Dominic Anthony | Texas Public Radio

Dominic Anthony

Newsroom Intern

Dominic Anthony is a Trinity University student studying communication. He is the student director of programming for Indie Overnight on Trinity’s KRTU 91.7 FM, where he got his broadcasting start as creator and host of The Hippie Coffee Hours in 2017. He is the platforms coordinator and podcast producer for the Trinitonian — Trinity’s campus newspaper, where he began his journalism career in 2017 as a feature reporter.  

Prior to enrolling at Trinity, Dominic spent six years in the Youth Orchestras of San Antonio. He formed his first rock band in 2015 with other youth musicians from YOSA. Since then, he has stayed active in the local music community as a member of Elnuh, Sugar Skulls, and Samantha Flowers, among other projects. Dominic will graduate from Trinity in 2020 and intends to continue working as a broadcast journalist.  


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Courtesy of South Texas Blood & Tissue Center

COVID-19 has no proven cure, but a possible treatment for the disease might flow through the veins of people who recently recovered. The FDA is leading an emergency program to find out if COVID-19 can be treated with antibodies found in the plasma of recovered patients. 

Racheal O'Riley was a server at the Flying Saucer.
Dominic Anthony | Texas Public Radio

More than 10 million Americans have lost their jobs in the last two weeks alone. And that number will rise. TPR is reaching out to people who are now out of work, and we want to hear from you. Email with your experience. 

With limited or no access to everyday hygiene products or information on how to protect themselves from contagion, people experiencing homelessness are at a high risk for contracting COVID-19.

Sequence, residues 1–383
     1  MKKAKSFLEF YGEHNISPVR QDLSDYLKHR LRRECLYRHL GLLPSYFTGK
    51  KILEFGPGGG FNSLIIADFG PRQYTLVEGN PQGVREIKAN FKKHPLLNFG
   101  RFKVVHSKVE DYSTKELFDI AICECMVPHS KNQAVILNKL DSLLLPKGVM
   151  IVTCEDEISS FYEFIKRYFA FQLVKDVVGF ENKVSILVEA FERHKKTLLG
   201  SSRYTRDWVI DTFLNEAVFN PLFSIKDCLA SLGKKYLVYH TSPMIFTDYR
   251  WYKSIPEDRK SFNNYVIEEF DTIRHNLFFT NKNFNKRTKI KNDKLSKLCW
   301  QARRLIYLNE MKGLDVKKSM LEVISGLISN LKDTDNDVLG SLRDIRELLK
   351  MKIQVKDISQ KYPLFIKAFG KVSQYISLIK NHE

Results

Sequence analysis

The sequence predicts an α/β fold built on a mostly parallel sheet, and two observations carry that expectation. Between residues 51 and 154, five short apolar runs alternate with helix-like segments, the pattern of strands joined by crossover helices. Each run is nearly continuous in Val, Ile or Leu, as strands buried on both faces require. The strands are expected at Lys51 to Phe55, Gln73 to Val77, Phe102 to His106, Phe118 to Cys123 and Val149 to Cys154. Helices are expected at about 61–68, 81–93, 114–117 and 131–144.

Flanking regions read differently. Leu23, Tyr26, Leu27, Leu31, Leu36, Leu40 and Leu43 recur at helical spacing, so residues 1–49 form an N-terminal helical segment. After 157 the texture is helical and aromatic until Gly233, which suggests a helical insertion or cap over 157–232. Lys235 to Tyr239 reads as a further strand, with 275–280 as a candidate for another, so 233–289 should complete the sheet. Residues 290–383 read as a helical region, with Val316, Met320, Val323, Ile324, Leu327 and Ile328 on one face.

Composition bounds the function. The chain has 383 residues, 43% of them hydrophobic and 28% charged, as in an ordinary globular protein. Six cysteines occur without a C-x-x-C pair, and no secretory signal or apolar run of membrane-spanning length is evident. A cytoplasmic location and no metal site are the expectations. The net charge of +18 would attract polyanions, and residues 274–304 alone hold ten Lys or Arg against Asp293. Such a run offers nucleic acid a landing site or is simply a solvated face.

The Washington Post

Experts say San Antonio’s Haven For Hope campus has taken steps to implement social distancing measures over the past week. This comes after a Washington Post article that documented potentially unsafe conditions at the shelter, which houses more than 15,000 people experiencing homelessness.

A file photo of the Bexar County Sheriff's Office and detention center.
Eileen Pace | Texas Public Radio

As coronavirus cases in Texas rise, many advocates are calling for prison populations to be drastically reduced. And some counties are gradually responding to those calls. 

Jolene Almendarez / Texas Public Radio

Update: Gov. Greg Abbott issued an executive order on Thursday, March 19 to temporarily close all schools, bars, restaurants and gyms in Texas. This limits food service to takeout and delivery orders only amid COVID-19 concerns. 

San Antonio and Bexar County's respective declarations were issued on Wednesday, March 18.

Tourists are still out and about in San Antonio, even after CDC updated its guidelines Monday to recommend against gatherings of more than 10 people. Go Rio Cruises — the city’s exclusive River Walk boat tour contractor — said Tuesday it will continue tou
Dominic Anthony | Texas Public Radio

As the nation’s top public health officials tell people to stay home, many tourists are still coming to San Antonio and going out on the River Walk, a hub of tourism.

Dominic Anthony / Texas Public Radio

Trinity University dorms will be closed as of Monday afternoon. Fewer than 40 students have been granted exemptions to remain on campus.

Dominic Anthony | Texas Public Radio

As of Friday evening, more than 50 local blood drives were canceled, and as of Saturday morning, the South Texas Blood & Tissue Center had less than a three-day supply. The normal inventory lasts five days. 

A vendor in Market Square removes flags from her tent after the Tejano Music Awards Fan Fair is canceled.
Rob Martinez | Texas Public Radio

Fiesta in San Antonio is postponed following the confirmation of the first travel-related coronavirus case in San Antonio. The first Fiesta was held in 1891, and it’s only been canceled during World War I and World War II. 

A waiter wearing a protective mask clears a table at a restaurant in Buenos Aires' airport April 28, 2009.
Enrique Marcarian | Reuters

City councils in San Antonio, Dallas and Austin have all passed different versions of paid sick time ordinances. But in San Antonio and Austin, those policies are tied up in court, and Dallas could face an injunction before the city starts enforcing its ordinance in April. With cases of the highly contagious coronavirus on the rise, many advocates say those policies are more critical now than ever before.